If the procedure under the Act is not properly undertaken the bailee (the removing party) can be liable to the vehicle owner for the loss that they have sustained (including the value of the vehicle) - hence the need to obtain competent legal advice prior to acting upon the rights provided under the Act.
See here our more thorough article on the Torts (Interference with Goods) Act 1977.
The above shows at least that there are methods available to have abandoned vehicles removed from your development and so action can be taken if you are the unfortunate recipient of such a vehicle. Those above are of course separate to any rights/remedies that might be available for breach of lease/transfer covenants where the vehicle belongs to an owner or occupier on the development. The key though, where you are able, is not to be too hasty as, plainly, removal by the local authority is cost (if not necessarily time) free. The short advice though is to follow the golden rule of seeking advice before taking any steps on your own.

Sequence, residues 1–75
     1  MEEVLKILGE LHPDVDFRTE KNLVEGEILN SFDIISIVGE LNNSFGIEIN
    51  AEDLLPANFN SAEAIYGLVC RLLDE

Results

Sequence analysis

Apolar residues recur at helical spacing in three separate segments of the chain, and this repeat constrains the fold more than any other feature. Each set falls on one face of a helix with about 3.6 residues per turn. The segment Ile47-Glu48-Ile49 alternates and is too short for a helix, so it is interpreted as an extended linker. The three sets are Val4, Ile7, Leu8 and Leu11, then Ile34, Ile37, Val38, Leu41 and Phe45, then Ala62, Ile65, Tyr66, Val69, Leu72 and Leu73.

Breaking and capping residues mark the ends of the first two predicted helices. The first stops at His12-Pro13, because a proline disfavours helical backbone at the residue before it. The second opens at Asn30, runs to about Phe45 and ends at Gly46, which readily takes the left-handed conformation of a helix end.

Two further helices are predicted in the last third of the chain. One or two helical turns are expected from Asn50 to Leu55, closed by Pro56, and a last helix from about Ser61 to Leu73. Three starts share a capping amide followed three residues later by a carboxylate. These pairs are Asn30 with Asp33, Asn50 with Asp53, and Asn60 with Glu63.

For more information, please feel free to contact a member of the team on 01435 897297 or email@example.com.
This Legal Update describes the position in law as at the date of this article and care should be taken to note any subsequent amendments to the position as set out above. The Legal Update is provided free of charge for information purposes only; it does not constitute legal advice and should not be relied on as such. No responsibility for the accuracy and/or correctness of the information and commentary set out in the article, or for any consequences of relying on it, is assumed or accepted by any member of KDL Law or by KDL Law as a whole.